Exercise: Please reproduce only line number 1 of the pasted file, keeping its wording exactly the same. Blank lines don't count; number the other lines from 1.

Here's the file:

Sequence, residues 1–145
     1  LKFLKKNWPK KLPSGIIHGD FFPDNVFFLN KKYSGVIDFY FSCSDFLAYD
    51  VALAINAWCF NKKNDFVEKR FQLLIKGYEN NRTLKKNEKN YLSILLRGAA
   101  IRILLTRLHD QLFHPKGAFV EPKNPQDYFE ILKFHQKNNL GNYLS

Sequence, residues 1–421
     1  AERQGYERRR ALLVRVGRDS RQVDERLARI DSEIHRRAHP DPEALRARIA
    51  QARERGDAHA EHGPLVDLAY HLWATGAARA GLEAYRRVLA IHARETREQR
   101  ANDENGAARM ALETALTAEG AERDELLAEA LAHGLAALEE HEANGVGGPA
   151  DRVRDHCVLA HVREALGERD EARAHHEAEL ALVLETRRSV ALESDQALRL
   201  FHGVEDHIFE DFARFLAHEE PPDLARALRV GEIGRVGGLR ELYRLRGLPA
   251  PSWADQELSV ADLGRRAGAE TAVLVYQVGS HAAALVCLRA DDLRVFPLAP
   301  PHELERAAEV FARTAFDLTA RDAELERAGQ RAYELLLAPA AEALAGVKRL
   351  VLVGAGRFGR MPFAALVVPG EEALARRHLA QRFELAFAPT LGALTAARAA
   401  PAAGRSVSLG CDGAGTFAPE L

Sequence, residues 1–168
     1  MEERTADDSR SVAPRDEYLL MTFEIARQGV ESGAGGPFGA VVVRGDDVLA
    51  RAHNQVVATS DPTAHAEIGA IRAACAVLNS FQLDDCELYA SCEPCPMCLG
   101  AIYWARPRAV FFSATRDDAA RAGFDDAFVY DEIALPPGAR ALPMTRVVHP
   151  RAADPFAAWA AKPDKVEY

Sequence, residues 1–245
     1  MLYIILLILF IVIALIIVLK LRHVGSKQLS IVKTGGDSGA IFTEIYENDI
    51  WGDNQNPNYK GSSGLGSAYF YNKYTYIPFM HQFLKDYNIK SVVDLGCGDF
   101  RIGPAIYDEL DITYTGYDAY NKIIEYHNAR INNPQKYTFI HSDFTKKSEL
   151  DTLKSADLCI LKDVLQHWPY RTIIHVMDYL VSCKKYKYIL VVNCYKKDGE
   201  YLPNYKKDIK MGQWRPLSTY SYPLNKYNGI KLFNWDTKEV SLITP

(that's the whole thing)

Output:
Sequence, residues 1–145